The Land Down Under (Part 2) – The Outback and Uluru

From the bustling Sydney (Click here for the Sydney blog) we took a flight straight into the center of the Outback to visit the monolithic rock that we had heard so much about called Uluru (also known as Ayers Rock). Our flight was over four hours and we still only traveled about half the distance across the country/continent of Australia. (we really had no idea how big this country was before we starred this journey!) About an hour out from Uluru the clouds opened up, and we were able to see the Outback for the first time. It was beautiful, but nothing like we had ever seen before! The soil is a vivid orange/red color and the surrounding flora is incredibly scrubby, and unlike any desert or landscape we had seen previously. When someone visits this part of Australia, they definitely get a feeling of isolation. The only place that you find ‘civilization’ close by is resort found directly outside the national park which is where we stayed for the next couple of days.DSC_0329 - Copy

The Rundown:

  • Getting Around – While it was not a huge blunder, once we got to the resort in Uluru, we realized that it would be expensive to try and see the things that we were interested in without a car. We were lucky enough to nab one of the last rental cars that a local company had available for the next couple of days. Not only was it more cost conscious, but it gave us the freedom to move at our own pace.DSC_0804
  • Rain in the Outback – When we arrived it was RAINING… We thought that it barely ever rained in the Outback! Later we were told that we were part of the lucky three percent of visitors that get to see Uluru in the rain. While the storms that rolled across the landscape during our stay were impressive, it was hard to feel like we were the ‘lucky three percent’. However, we will say that the waterfalls created on these rocky outcrops are quite impressive and something that was truly unique to see.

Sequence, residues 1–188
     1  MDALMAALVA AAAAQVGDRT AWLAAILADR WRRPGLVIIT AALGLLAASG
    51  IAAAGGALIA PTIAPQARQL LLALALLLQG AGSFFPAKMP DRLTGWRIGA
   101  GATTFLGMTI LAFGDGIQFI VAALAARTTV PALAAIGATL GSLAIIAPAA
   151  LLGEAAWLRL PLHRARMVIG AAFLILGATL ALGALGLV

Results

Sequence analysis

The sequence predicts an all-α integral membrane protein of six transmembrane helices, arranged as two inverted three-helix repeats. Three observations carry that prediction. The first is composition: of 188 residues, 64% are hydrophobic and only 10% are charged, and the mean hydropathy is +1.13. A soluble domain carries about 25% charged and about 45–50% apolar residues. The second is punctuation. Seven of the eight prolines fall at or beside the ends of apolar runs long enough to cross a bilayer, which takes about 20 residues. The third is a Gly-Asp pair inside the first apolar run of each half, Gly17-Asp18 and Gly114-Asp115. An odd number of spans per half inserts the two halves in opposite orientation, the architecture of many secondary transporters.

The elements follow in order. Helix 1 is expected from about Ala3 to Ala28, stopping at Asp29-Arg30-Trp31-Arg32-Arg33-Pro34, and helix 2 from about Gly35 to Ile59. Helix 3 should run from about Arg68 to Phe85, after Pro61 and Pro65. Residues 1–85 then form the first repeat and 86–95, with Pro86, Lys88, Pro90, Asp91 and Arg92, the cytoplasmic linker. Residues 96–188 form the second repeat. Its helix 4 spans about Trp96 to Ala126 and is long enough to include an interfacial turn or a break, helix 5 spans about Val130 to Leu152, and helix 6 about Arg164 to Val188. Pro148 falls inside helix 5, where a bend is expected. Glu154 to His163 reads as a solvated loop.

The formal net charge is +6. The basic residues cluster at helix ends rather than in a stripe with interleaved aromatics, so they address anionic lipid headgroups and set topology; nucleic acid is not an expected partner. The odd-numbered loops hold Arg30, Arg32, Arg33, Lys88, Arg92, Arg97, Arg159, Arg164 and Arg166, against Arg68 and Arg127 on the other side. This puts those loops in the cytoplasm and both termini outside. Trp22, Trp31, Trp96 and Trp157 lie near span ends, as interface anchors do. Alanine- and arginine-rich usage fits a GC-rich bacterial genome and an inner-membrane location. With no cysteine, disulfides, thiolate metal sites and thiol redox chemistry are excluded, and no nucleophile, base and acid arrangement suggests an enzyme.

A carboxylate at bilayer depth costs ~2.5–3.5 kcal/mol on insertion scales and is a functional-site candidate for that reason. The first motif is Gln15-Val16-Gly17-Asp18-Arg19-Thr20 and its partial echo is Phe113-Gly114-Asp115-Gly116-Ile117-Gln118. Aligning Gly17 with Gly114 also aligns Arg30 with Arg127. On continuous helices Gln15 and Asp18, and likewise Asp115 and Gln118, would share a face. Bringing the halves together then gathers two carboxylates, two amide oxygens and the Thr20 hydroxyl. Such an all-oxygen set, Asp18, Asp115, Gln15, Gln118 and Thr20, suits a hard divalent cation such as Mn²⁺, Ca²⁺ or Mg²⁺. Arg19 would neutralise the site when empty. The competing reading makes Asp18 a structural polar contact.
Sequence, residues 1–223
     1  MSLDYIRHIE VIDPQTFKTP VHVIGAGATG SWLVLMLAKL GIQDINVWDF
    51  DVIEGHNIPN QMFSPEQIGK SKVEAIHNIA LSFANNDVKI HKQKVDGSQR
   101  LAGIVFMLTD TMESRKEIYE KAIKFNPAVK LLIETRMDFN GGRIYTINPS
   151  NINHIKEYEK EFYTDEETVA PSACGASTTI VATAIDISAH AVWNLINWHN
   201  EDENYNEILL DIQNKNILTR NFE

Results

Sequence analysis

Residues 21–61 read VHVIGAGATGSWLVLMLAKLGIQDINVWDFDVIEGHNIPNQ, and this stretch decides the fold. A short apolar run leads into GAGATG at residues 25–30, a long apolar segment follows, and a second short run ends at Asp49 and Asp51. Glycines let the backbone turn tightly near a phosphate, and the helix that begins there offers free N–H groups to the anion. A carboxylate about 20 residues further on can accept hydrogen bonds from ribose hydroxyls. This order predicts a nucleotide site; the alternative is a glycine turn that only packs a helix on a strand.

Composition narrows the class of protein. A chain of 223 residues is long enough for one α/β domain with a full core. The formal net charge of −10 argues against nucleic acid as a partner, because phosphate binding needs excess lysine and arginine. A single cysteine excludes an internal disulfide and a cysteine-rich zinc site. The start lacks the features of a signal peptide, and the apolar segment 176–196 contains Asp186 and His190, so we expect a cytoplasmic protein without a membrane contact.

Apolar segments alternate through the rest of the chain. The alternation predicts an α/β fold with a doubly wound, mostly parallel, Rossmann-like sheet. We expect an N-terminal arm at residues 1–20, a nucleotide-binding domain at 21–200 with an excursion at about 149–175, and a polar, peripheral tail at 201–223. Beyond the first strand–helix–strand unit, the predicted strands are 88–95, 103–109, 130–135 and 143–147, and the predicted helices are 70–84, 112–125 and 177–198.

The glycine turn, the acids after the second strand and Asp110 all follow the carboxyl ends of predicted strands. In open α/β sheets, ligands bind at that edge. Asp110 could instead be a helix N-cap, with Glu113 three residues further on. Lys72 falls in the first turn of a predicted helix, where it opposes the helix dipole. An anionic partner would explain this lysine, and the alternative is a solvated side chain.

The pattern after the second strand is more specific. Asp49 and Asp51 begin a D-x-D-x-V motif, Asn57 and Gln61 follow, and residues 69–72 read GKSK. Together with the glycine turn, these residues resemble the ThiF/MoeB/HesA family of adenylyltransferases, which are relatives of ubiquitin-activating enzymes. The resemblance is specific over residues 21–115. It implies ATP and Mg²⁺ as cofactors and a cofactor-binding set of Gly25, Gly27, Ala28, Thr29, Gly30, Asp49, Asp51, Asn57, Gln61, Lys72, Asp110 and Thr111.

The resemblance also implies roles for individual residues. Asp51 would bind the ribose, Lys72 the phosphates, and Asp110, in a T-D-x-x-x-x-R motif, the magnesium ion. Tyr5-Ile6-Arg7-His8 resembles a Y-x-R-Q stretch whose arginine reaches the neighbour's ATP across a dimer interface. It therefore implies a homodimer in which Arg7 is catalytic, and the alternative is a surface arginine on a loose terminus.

• Uluru/Ayers Rock Hike – Uluru was, obviously, the big site that we (and everyone else) were here to see! It is the largest monolith (single rock formation) anywhere in the world. Even from afar, it is truly spectacular. Look in any other direction and all you see is flat, stretching desert, so such a massive structure jetting out of the ground makes for a stark and amazing contrast. As we slowly drove closer it began to dawn on us the sheer magnitude of Uluru….it is just huge! We decided to do the famous hike around the base, which is a little over 6 miles around. It took us about 5 hours, though some of that time was spent taking photos and waiting out a passing storm. The hike was incredible, since up close we could see all the cracks, caverns, caves, Aboriginal paintings, and other distinguishing features of the rock face.
  • Uluru from Afar – After the hike we headed back up the road a few miles to watch the stunning sunset. It is better viewed from afar since you simply cannot see the entire rock up close. As the sun sinks low, Uluru glows with spectacular pink and amber hues. We were also lucky enough to get up early one morning and watch the sun rise over Uluru and the Outback. It may have been even more spectacular than the sunset! We had not planned to wake up that morning, but due to the high prices of the resort we were in a shared dorm room with a snorer and decided to cut our losses. (We were happy in the end that we had been woken up after all!)
  • Kata Tjuṯa – Kata Tjuta is the other rock formation in the national park and is about 20 miles away from Uluru. It is not nearly as famous as Uluru, but it is impressive in its own right. While Uluru is basically one big bulge coming out of the ground, Kata Tjuta is several formations with a valley cutting between them all. We opted to do the full walk around at Kata Tjuta as well, and at over 4.5 miles it was still a pretty good hike. The walk is called the “Valley of Winds”, which is appropriately named as wind was whipping through the valleys the entire time.DSC_0202 - Copy

It was so amazing to be able to see Uluru, as well as the Outback itself. Both are places that we have heard about our entire lives, and always wanted to visit. While we were only in the Outback a few days, it certainly made a lasting impression. We would have loved to stay a few more days, but we had to press onward to our next adventure in Australia – seeing the beautiful northern coast of Australia, and of course, the Great Barrier Reef!

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One comment

  1. Pingback: The Land Down Under (Part 3) – Great Barrier Reef! « Our Life Uncharted


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